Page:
- Students will recognize that changes in an object can change the pitch it makes.
- Students will identify Cherokee water drums as an example of this phenomenon.
- Explain that the Cherokee put water in drums. Ask for guesses about why they might have done this. Accept all answers as possibilities and leave the question open.
- Prepare the glasses by putting a small piece of Mavalus tape on each.
- Line up glasses. Have students measure out varying amounts of water and pour the water into the glasses. Use the Mavalus tape to record the amount of water used in each glass. All the amounts should be different, but avoid having any pattern to the quantities.
- Tap glasses with the craft stick and listen for differences. Ask students to describe the difference in the sounds.
- Students may say that the glasses sound higher or lower. Introduce the word “pitch.” Sing several notes and ask students to raise their hands if they hear a high sound and lower their hands if they hear a low note. Make certain that this concept is clear before moving on to the next step.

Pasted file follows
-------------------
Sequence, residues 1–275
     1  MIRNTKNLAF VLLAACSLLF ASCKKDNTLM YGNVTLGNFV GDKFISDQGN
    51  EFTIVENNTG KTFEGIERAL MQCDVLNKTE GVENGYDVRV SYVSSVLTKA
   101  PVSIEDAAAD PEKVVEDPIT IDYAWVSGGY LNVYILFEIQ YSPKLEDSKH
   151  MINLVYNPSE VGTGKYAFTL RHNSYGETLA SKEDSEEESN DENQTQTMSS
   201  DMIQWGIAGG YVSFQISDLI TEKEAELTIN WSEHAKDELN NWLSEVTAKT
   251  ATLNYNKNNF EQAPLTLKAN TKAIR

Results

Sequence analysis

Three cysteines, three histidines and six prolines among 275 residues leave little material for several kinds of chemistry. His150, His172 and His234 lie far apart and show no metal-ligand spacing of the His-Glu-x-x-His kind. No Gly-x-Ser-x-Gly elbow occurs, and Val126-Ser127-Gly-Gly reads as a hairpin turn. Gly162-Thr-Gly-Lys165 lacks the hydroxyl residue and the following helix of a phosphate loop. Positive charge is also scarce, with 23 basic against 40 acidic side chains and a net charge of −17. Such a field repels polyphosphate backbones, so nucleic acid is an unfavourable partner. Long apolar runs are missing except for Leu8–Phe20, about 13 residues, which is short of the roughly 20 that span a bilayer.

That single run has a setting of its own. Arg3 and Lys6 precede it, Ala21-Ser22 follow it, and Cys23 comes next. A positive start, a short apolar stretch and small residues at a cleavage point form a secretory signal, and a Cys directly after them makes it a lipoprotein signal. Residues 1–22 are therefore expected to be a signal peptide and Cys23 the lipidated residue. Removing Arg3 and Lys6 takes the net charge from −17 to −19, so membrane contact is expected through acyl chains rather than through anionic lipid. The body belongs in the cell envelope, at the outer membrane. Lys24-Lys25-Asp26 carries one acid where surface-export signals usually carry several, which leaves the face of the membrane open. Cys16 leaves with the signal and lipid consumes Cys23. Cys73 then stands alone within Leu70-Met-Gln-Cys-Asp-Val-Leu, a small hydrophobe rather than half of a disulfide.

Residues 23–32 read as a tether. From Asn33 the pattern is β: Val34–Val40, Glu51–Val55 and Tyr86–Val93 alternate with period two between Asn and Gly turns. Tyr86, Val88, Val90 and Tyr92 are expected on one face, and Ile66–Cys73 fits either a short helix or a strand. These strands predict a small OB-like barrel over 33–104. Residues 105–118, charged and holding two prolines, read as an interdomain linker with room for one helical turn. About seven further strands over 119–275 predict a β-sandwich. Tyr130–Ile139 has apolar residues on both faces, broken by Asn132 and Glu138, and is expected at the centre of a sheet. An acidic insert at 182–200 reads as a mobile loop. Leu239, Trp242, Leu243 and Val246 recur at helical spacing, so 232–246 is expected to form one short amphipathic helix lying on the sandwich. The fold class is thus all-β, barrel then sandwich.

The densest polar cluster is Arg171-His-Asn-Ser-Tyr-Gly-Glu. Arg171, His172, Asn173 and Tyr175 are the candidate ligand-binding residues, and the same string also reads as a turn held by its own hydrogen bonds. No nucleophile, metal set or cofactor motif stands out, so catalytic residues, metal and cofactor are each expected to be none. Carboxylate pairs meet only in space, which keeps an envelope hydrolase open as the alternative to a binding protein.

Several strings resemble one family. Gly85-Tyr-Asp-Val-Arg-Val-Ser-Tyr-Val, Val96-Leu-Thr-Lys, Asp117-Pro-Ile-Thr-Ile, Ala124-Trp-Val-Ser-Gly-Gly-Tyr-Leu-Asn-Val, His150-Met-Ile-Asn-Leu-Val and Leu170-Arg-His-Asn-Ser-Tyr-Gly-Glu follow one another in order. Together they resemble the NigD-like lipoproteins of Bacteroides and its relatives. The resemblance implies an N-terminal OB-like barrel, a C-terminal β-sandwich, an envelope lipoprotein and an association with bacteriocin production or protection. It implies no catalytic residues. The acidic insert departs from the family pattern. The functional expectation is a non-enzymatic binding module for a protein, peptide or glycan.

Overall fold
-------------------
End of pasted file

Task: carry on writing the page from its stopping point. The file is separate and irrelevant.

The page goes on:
- Strike the glasses again and ask the students to line the glasses up so that the lowest notes are on the left and the highest notes on the right. Help students notice that the glasses with the largest amounts of water have the lowest pitch, and the glasses with the smallest amounts have the highest pitch. Write this out as a hypothesis.
- If students have other ideas, allow them to test their ideas.
- Once students are satisfied that a larger amount of water makes a lower pitch, write out a statement of the fact you have discovered.
- If you have discussed mass and volume, you can point out that putting water into the glass increases the mass and slows the vibrations.
- Return to the question of the Cherokee water drums. Why might the Cherokee have used water in their drums? To create drums of varying pitch.
- Allow students to try creating sound patterns with the glasses before cleaning up.